Ukraine: One Year after the Coup

Global Research News Hour Episode 93

If it is not announced by 10:00 tomorrow that Yanukovich is gone, we’re going to attack with weapons.” -Anonymous Protester speaking in Kiev’s Independence Square following the signing of a Compromise Deal between elected representatives of the Ukrainian Parliament, February 21, 2014 [1]




Length (59:05)

Click to download the audio (MP3 format)

The period from February 18 to February 23 marked the dramatic climax of the Euromaidan movement, a pivotal turning point in Ukraine’s political dynamics, and a watershed moment in the history of international relations.

Three months of street demonstrations and occupations of government buildings responded to with police crack-downs and mass arrests crescendo-ed to this turbulent five day period.

On February 20, Kiev saw the worst day of bloodshed it had seen in seven decades with 88 people being killed in a 48 hour period. [2]

On February 21, a Compromise Deal calling for early elections, constitutional reform and the withdrawal of forces both of authorities and the opposition “from administrative and public buildings” as well as “streets, city parks and squares.” [3]

This deal was rejected by the crowds gathered in Maidan Square. The next day, President Yanukovych had fled, and protesters had taken control of Presidential Administration buildings. Shortly thereafter a rump Parliament voted for Yanukovych’s impeachment, and set elections for May 25. [4]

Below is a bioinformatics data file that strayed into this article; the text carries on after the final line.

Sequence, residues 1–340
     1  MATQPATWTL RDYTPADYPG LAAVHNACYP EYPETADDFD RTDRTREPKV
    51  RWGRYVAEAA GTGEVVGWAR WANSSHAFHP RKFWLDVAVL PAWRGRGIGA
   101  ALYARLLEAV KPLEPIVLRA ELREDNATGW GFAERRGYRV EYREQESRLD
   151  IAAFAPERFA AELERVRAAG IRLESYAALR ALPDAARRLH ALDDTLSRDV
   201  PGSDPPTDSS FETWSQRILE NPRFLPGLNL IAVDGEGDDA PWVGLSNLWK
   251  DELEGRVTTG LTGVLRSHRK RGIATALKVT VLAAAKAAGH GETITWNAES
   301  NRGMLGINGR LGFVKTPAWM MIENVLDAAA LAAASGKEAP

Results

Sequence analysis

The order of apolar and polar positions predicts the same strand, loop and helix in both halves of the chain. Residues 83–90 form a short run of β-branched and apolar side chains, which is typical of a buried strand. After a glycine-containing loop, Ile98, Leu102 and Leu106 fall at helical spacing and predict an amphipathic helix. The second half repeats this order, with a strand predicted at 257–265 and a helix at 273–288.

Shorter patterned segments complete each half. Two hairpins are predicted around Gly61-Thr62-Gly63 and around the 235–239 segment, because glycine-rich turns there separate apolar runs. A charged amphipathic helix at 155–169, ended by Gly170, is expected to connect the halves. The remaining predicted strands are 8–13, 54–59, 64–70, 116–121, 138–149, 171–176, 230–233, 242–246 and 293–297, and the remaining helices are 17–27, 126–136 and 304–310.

In the days that followed, the Parliament would vote to ban Russian as a second official language, appoint Olexander Turchynov as interim president, and nominate Arseniy Yatsenyuk as Prime Minister.

The new Prime Minister would eventually sign the very Association Agreement with the EU which Yanukovych rejected, sparking the Maidan uprising. [5]

What followed was the secession of Crimea from Ukraine and rejoining Russia, together with rebellions in the East and South rejecting the authority of the Kiev government and sparking an ongoing civil war.

Media reporting on the Ukraine crisis has been dogged by allegations of mainstream media bias. In fact, the media literacy and watchdog group Project Censored has labelled ‘Media Hypocrisy in covering Ukraine Crisis‘ as one of the top 25 most censored stories of 2013-14. In particular, it is argued that the media has blocked out clear evidence of Neo-Nazi involvement in the overthrow of Yanukovych, and the extent to which it is US/NATO interests, more than Russian President Vladmir Putin, fostering the aggression.

One of the sources of this story is Robert Parry. Investigative Journalist Robert Parry is convinced this was a coup enabled by Neo-Nazis and provides the details, including the role of the Neo-Cons in fostering the Maidan protests, the failure of the media to responsibly report on the facts, and the motivation of the NeoCons to escalate the conflict with Putin potentially to a nuclear climax.

Rick Rozoff, manager of the STOP NATO list-serve breaks down the current situation in the wake of the Minsk Ceasefire, the victory of rebel forces at Debaltseve, and his take on whether Russia has a winning or losing hand in the ongoing conflict.




Length (59:05)

Click to download the audio (MP3 format)


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1) Sabine Siebold and Natalia Zinets (February 21, 2014), Reuters;

2) BBC (November 13, 2014), Ukraine crisis: Timeline;


4) BBC (November 13, 2014) op. Cit

5) Adrian Croft (March 21, 2014), “European Union signs landmark association agreement with Ukraine” ;


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